By Ed Huyck
By Melissa Wray
By Patrick Strait
By Jonathan McJunkin
By B Fresh Photography
By Ryan Siverson
By Kendra Sundvall
By Ed Huyck
And she likes rust. She has an old rabbit trap hanging on her wall. "I think it's for rabbits," she says. "I got that in Fargo for $4. The guy who sold it to me had only one arm, and when I bought it he said, 'Careful with that thing, that's how I lost my arm.' And I looked horrified and then he laughed and said, 'Just kidding.'"
In the course of researching Mr. Xmas, Carpenter developed a new hobby: shopping for porn. She asked all of her friends for good titles. They demurred: You know, uh, I've never seen any. I mean maybe at a party or something.
Carpenter laughs. "All of my guy friends and family members would just mumble. 'I've only seen a little, maybe at a party or on cable.' And I'm wondering: What kind of parties are you going to? Is this a guy thing? Do guys go to parties and watch porn?"
But she had one friend she could count on: "OK, Maurice. You love porn."
He responded, "Oh yeahhhhh... I love me the porn."
Maurice gave her production company names and people to look out for, and Carpenter began going to video stores. "It was a really empowering experience to go in and know what I wanted and not get overwhelmed by the flesh. I had a little list. I was treated really well. I went downtown to Wabasha Books on Hennepin, and I was invariably the only woman in there. I could see people perk up and wonder what I was doing, and the store guy said, 'Uhhhh...can I helpyou?' and you could see that there was the beginning of some kind of weirdness. And I said, 'Yeah, I'm looking for Vivid Productions, do you have that? And do you carry the Dirty Debutantes series?' And he got completely professional.
"That was a really exciting experience, more so than actually watching the movies. I got brassy about it, because it was such a high. I'd sit there with films spread out around me reading the backs of tapes going, 'Oh, where's T.T. Boy?' or, 'Oh, I'm going to see Ron Jeremy.' It was titillating to be a woman who was knowledgeable about pornography, more so than actually watching the movies."
As indicated by her affection for field trips into windowless storefronts, Carpenter defies the stereotypes of the withered, reclusive, pretentious writer. Talking with her is like improv theater; she acts out her speech, mocking herself, drawing characters, implying stage directions with her voice. Perhaps that is why she is drawn to playwriting: Lonely as it may seem, it is the only kind of writing which is inherently social, collaborative, living. At rehearsal the actors talk and joke with her as if she were one of the cast. Carpenter watches intently while the actors are working, but when the stage manager calls a break, she shouts to one, "Boxing is magic--magic, I tell you!"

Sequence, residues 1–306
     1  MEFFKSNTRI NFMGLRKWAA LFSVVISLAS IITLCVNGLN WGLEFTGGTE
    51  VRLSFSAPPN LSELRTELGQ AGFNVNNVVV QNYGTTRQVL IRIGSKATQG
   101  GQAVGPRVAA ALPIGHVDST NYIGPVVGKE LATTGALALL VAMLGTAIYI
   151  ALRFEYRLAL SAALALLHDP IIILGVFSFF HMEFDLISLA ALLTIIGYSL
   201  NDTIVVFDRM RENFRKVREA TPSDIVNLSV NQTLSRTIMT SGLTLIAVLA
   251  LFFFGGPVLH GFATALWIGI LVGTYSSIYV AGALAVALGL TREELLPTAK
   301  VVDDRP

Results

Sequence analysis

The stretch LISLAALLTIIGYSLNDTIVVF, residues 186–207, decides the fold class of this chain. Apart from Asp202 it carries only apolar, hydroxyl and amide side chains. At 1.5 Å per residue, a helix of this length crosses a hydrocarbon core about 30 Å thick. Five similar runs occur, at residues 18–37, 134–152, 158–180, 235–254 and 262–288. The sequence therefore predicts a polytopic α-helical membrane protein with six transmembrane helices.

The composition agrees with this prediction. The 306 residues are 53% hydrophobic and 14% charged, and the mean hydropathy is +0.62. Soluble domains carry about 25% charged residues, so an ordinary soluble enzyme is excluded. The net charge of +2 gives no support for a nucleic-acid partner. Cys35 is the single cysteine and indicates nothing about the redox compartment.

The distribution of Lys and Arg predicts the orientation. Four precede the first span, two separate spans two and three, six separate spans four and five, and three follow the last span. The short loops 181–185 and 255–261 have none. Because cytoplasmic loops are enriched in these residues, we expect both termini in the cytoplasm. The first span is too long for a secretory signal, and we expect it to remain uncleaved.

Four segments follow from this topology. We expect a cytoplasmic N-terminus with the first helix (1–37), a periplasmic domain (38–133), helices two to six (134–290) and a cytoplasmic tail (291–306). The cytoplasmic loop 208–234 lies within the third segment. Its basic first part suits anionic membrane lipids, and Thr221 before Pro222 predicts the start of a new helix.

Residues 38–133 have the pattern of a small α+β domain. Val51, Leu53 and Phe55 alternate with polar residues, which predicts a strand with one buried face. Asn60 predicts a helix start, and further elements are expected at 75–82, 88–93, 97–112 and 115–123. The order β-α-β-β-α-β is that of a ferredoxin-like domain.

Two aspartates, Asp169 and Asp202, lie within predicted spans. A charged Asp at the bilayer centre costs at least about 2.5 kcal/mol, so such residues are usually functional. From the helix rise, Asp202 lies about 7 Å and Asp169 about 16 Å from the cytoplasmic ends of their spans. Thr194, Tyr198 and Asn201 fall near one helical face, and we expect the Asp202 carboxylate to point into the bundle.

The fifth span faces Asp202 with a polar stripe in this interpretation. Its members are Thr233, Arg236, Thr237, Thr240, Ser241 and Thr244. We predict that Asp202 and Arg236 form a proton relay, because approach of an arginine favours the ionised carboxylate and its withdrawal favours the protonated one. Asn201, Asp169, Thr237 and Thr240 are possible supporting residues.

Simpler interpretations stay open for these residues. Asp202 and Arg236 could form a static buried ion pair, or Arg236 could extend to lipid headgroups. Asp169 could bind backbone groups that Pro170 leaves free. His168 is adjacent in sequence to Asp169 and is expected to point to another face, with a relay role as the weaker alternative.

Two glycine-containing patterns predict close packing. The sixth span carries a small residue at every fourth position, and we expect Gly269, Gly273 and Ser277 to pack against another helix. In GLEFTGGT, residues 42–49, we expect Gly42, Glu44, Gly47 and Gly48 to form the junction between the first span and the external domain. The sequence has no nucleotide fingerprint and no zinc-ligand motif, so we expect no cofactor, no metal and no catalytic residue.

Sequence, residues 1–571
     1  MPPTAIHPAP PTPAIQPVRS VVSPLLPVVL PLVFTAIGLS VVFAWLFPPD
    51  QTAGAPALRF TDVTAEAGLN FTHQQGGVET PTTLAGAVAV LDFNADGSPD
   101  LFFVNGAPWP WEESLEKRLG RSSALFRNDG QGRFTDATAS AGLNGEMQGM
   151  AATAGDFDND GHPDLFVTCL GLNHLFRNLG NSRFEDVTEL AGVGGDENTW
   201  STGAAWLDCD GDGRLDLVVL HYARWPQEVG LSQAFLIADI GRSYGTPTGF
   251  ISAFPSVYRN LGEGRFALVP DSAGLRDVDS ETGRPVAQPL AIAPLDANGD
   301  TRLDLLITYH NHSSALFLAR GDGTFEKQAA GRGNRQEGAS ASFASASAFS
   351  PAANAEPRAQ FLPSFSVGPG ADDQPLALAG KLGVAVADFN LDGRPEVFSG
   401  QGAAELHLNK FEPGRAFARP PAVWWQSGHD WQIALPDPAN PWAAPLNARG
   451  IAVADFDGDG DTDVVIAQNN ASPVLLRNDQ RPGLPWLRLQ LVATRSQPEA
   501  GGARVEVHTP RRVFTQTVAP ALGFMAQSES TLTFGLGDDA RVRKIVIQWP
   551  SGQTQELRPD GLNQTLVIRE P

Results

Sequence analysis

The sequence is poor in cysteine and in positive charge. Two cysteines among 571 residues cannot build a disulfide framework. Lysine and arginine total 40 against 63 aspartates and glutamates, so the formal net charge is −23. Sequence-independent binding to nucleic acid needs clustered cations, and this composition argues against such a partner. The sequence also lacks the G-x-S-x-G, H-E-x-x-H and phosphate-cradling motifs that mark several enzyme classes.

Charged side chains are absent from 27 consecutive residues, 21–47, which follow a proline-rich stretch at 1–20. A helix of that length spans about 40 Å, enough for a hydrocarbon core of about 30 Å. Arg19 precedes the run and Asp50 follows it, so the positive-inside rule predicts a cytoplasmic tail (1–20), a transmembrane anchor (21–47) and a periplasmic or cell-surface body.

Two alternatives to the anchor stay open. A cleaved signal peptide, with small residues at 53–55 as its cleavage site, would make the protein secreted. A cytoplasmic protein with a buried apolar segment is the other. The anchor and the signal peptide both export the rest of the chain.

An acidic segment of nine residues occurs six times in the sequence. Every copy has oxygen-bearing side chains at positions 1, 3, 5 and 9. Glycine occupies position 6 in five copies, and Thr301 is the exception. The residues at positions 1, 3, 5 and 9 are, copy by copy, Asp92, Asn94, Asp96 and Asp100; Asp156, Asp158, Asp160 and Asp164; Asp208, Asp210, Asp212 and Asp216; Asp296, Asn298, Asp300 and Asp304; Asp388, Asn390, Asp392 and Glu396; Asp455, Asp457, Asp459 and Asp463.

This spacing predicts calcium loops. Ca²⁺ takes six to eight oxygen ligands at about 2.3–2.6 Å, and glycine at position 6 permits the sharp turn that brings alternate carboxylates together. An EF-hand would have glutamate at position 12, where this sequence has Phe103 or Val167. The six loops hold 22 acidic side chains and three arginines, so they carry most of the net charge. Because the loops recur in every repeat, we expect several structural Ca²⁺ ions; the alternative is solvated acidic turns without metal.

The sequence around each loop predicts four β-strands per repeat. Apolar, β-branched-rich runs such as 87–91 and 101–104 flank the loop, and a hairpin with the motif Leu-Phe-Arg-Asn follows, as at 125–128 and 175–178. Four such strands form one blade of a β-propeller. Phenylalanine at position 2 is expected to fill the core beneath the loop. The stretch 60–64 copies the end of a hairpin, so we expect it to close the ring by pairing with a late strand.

Carpenter is ridiculously positive about the process of staging Mr. Xmas because it has gone well; she and Stangl cannot stop singing each other's praises. But, of course, it's not always this way. "When I was younger and taking classes at the Mark Taper Forum," she explains, "I was rhapsodizing to [playwright] Eric Overmeyer about the 'magic of collaboration.' I gushed to him, 'Oh! It's like people are giving you presents!' He looked at me and said, 'And sometimes its like a dog comes in and shits on your rug.'"
Bridget Carpenter has had her share of dogshit. "There was a production of mine a few years ago in another state, at another theater," she says. "It was a play I was very proud of, and the director had simply wildly mishandled the piece. It was ponderous; it was slow. I couldn't stand to watch it.... And as I sat, tortured, watching the matinee, I looked around me to note that some of the older members of the audience--my audience--were sleeping! I was amazed. And jealous, too: It was so tiring to watch, and I thought, 'Boy, I wish I weren't so tense and upset, I'd love to be able to take a nap.'
"And this woman next to me kept shifting around and sighing loudly, just to make sure that other people knew that she wasn't having a very good time. And at the end of the play, the audience clapped, and the lights came up, and she turned to me and shrugged. I shrugged back, sort of in commiseration. 'Well,' she said. 'That was a hard sit.' I nodded. I sort of wanted to giggle or cry, I didn't know which. She shook her head and sighed again. Then she looked at the notebook in my lap. 'Oh, did you have something to do with this?' she asked, mildly interested. I looked at her and smiled. 'Nope,' I said."
This trying to make a living on something you love is a noble cause, but a trying business. "It is always hard to make a living," Carpenter says. "Always. Always. Always. Near to impossible. Truth: I live hand to mouth. Month to month. I have no savings. I have no health insurance...My worries about money are, frankly, ever-present and at times, crippling.... Isn't it strange and extraordinary that this choking fear is somehow, incredibly, balanced by a passion for making plays and a drive to spend inordinate amounts of time alone in a room arranging words on pieces of paper?"
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